48. Carmel and desperation

Paula and Jigg and the five children remained in Carmel for about 2 years, from their return to the US in July 1959 until August 1961 when they moved to Vermont.  Throughout this period Evelyn bombarded them with weekly letters on a recurrent theme:  why did neither Paula nor Jigg reply to her letters; why did they not acknowledge gifts of books for the children; and why did they not keep her updated with the children’s health, schooling and academic successes? Paula responded every few weeks, citing her busy family life as a reason for not writing more often and assuring Evelyn that everyone was healthy and well:  the following exchange is typical of the hundreds of letters during this period.  The image below is typical of letters during this period, with the limitations of the typewriter keyboard augmented with red ink.


* * * * *

To Paula Scott

The Benjamin Franklin Hotel
February 25th, 1960

Darling Paula,

Please darling give us an inkling of what is the matter that we have as yet no news of you and Jigg and the children for such a time!

We worry about the health of all concerned. Every sort of silence has that effect.

We know Jigg must have a better BETTER JOB where he can have you and the children with him and ENOUGH REAL SALARY FOR ALL YOU SEVEN.

California must abolish a medical stipulation, as it is a form of quackery to insist on it, and is almost sure to prove a cover for ailments caused by war weapons. I don’t say this without having thought it over for a long time. In the present unfortunate condition of the country, no doctor is ever able to do much for a patient unless both doctor and patient have a similar political view, and commercial medicine is more risk than aid.

I don’t know why I have the urge to say this now, but I have and as a general proposal I am sure I am right. SO DON’T ALLOW ANYONE TO BE PESTERED IN THIS WAY, LEAST OF ALL DARLING JIGG WHOM THE US SERVICE DOCTOR CURED ON THE BASIS OF A DIAGNOSIS OF AILMENTS AS DUE TO quackery at home.

May it be that this warning is SUPERFLUOUS, but it is a reminder for you and Jigg that cannot be amiss in the general picture of things.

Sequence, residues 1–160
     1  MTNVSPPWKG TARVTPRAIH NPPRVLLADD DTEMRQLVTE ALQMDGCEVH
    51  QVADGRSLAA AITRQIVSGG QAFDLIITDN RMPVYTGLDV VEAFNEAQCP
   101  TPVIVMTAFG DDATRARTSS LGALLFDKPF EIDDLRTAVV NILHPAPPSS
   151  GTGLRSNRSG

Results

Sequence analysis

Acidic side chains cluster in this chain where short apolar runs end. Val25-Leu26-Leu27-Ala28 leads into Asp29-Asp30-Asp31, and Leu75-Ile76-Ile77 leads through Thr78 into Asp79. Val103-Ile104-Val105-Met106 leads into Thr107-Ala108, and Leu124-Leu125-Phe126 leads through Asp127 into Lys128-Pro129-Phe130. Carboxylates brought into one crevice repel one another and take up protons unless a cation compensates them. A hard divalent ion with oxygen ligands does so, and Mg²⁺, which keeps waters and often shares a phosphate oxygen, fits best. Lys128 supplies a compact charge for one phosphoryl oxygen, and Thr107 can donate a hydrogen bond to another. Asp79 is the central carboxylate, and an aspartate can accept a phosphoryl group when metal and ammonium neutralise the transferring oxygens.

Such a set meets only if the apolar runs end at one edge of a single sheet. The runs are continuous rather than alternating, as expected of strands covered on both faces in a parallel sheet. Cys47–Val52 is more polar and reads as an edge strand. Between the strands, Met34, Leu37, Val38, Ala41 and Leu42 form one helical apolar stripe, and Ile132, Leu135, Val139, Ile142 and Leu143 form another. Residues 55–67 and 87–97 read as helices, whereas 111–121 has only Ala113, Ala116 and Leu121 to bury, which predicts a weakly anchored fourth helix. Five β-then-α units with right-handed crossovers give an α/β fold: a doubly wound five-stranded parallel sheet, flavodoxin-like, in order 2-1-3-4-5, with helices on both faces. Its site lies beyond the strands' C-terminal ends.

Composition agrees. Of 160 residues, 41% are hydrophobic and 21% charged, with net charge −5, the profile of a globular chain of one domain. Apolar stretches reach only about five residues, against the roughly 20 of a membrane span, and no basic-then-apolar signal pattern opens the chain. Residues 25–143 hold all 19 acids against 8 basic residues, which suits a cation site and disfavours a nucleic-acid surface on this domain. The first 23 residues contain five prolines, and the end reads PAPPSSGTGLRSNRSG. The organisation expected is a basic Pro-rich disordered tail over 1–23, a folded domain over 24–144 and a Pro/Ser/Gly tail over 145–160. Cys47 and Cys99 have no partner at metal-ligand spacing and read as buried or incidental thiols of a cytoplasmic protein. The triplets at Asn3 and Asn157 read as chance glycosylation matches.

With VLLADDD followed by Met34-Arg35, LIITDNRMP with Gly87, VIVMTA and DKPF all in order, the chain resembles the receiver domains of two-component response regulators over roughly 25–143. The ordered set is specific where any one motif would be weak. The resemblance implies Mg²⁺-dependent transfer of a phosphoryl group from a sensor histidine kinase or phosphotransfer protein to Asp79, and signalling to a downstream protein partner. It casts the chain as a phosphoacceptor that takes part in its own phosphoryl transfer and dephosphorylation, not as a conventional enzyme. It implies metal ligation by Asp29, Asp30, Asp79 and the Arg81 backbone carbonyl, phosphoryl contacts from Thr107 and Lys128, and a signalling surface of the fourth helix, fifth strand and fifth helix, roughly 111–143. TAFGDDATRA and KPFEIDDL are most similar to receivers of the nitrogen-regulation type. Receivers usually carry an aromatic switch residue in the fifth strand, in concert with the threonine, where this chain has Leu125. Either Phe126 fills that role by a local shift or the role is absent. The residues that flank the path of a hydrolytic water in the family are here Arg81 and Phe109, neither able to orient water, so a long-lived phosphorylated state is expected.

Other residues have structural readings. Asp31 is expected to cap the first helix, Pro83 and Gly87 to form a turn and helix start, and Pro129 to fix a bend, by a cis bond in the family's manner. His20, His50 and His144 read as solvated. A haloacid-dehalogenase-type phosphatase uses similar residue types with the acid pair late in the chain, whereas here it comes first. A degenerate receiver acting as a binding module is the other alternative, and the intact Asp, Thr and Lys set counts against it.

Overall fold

I wrote you as I had asked the Carmel Postmaster whether you were receiving you mail, and I now have his reply–just arrived. He says to the best of his knowledge you are as mail goes on being delivered to the same address and he hasn’t been advised as to any change. His name his Mr Strong and he has really been quite nice to me, as a stranger. But don’t fail to let me know specifically as soon as you can of any letters or parcels that have not come yet–beginning with Siegel’s poetry and the two books for you and Jigg at Xmas, as soon as you can, darling Paula. The letters about the archives are, also, very important. The Postmaster naturally can’t keep tab on what is sent at my end unless advised, so we must depend on you to help clear that part of it up.

We speak of you and Jigg and the need of the job with better pay where all can be together whenever we can, and meanwhile just hope others are helping too, somehow.

Lovingly to the Scotts

* * * * *

To Evelyn Scott

March 1, 1960

Dear Evelyn—

You really mustn’t worry when I don’t write—I never was and never will be a good correspondent and a silence only means that I’ve been busy, and nothing more.

The poems arrived, long ago, and the Proust and it seems to be many more books besides which I can’t think of at the moment. I’m in a hurry now, to catch the mailman. I’ll be more detailed next time.

We’re all well and the sea and the hills continue beautiful. It’s spring here and flowers are everywhere. The hills normally black-green with sere slopes are now emerald and black-green.

Love to Jack, and to you.

 * * * * *

During these months Evelyn, unable to comprehend that someone might choose not to reply to any letter from her, continued to press the Post Office for reassurances that her letters were being delivered.

* * * * *

To Evelyn Scott

Post Office Department
San Francisco Regional Office
79 New Montgomery Street
San Francisco 5, Calif

March 30, 1960

Dear Mrs Metcalfe:

This refers to our letter of March 14, 1960, and your communications of March 16 and March 19 regarding the delivery of mail to Mr and Mrs Creighton S Scott at Route 2, Box 412, Carmel, California.

The Postmaster at Carmel has again contacted Mrs Scott, who stated that she believes that all mail you have sent her has been received. The postmaster is of the opinion that apparently they have not had time to answer their mail.

In the future, if you believe that a particular piece of mail has not been received, it is suggested that you file a tracer Form 1510 at your local post office.

Sincerely yours,
Spiro B Rafalovich
Postal Installations Manager

* * * * *